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Tuesday, September 26th, 2006

Autopsy of an Electric Toothbrush

Categories: [ DIY | Science ]


© Oral-B.com

The battery of my four-and-a-half years old electric toothbrush had been near its end for months. Recently it was becoming very annoying: you couldn't use it for more than four minutes in a row (i.e., the time for two brushing sessions) before recharging it.

I therefore decided to change the battery, as I did for my electric shaver years ago. You are not supposed to be able to change the battery, but it is possible to open the body and take the battery out of it for recycling. It should therefore be possible to access it and work on it.


At the back of the stand there is a thingy that you can use to unscrew the bottom of the body of the toothbrush.


It opens with a spring and four very thin copper wires remain attached to the cap.


The battery is showing through the opening.


You take the core by pressing the tip of the body (where you normally put the toothbrush) against a solid surface (floor or wall). The core then slides out thrgouh the back.


The battery is encased in the plastic mount at the end of the core. It is clipped in, but you can take it apart quite easily.


After that, it becomes harder: the battery case is topped with a small PCB on which the battery is soldered from the bottom. Moreover, the PCB is attached to the motor by two metallic fins.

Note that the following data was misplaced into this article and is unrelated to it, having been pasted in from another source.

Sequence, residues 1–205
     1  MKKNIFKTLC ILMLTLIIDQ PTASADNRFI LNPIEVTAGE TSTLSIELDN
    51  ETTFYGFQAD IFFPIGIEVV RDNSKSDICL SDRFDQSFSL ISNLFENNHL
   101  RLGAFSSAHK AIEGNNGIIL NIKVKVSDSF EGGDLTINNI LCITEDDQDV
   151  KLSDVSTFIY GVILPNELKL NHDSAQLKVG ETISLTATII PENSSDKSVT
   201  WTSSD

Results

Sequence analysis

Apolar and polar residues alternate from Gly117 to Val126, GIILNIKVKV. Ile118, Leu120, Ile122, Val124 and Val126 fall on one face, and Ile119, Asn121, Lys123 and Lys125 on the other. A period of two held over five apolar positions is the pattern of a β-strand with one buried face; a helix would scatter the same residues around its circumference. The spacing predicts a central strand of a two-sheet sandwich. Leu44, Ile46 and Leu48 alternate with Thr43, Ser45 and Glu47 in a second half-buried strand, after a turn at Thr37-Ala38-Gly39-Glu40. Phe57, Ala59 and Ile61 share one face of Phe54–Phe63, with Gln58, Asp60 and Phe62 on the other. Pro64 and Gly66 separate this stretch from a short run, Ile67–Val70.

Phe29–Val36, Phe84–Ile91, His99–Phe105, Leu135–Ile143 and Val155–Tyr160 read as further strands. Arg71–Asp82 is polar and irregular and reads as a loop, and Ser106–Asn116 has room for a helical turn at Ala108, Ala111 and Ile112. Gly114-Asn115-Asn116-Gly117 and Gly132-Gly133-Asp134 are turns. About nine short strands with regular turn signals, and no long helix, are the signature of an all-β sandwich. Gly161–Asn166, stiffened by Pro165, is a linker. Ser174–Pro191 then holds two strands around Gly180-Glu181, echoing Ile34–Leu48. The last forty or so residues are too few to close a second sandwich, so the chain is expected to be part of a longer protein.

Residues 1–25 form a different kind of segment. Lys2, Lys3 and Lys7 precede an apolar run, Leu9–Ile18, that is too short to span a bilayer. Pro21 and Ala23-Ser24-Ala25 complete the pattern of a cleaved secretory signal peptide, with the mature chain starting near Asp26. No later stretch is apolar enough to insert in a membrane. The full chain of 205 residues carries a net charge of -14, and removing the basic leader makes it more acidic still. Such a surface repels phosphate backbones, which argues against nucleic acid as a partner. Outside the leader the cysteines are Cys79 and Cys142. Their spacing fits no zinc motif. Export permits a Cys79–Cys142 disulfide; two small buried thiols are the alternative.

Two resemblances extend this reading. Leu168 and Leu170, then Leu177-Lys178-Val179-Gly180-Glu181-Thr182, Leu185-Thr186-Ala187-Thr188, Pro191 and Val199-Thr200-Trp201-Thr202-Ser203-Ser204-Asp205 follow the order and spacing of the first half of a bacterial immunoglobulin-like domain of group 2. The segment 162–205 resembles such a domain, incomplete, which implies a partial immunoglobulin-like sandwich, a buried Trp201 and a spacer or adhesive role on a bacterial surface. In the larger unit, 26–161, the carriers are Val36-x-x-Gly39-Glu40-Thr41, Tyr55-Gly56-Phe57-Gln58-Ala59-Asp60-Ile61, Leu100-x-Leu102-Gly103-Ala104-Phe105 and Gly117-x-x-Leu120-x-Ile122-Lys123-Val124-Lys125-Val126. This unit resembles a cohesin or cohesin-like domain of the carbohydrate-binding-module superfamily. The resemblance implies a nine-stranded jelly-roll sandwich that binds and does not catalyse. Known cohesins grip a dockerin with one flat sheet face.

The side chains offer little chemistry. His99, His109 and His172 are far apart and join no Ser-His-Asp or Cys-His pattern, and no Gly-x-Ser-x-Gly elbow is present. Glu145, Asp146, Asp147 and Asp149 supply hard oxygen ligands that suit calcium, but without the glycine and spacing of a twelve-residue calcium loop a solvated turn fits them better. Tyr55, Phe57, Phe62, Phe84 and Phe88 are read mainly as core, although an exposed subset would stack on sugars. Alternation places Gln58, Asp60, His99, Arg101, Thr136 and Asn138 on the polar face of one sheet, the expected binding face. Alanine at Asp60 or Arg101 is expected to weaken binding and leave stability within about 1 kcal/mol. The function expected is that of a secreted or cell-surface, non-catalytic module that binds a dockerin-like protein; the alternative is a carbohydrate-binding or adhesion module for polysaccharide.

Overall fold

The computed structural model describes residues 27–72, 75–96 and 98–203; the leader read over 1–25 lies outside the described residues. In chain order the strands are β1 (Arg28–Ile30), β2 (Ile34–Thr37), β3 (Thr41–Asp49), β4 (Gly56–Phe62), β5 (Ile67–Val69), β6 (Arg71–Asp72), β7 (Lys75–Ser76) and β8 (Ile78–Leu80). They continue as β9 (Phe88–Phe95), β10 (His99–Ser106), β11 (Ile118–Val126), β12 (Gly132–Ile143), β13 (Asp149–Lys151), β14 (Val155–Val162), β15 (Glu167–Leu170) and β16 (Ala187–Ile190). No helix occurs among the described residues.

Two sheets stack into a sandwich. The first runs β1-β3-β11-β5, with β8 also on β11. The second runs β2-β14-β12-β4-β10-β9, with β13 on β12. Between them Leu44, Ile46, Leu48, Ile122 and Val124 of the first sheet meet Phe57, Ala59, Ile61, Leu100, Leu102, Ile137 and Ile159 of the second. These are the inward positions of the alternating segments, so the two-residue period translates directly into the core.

With Niko's help, we tried to unsolder the battery from the PCB, removing the excess tin with a soldering pump. It still wasn't possible to take it apart. We then resorted to cutting the battery's legs. It then slid out quite easily. But after that, the toothbrush would not start anymore. We then tried to apply the battery's voltage straight to the motor (first cutting the motor off from the PCB board), without success. We then applied 3.3V to the motor, which spun a bit before stopping for good.

I don't know what we did wrong when unsoldering the battery (heating a nearby diode too much? What else could have happened?), but there was no point changing the battery if the motor is broken. I then resorted to buying a new device.

[ Posted on September 26th, 2006 at 19:51 | 2 comments | ]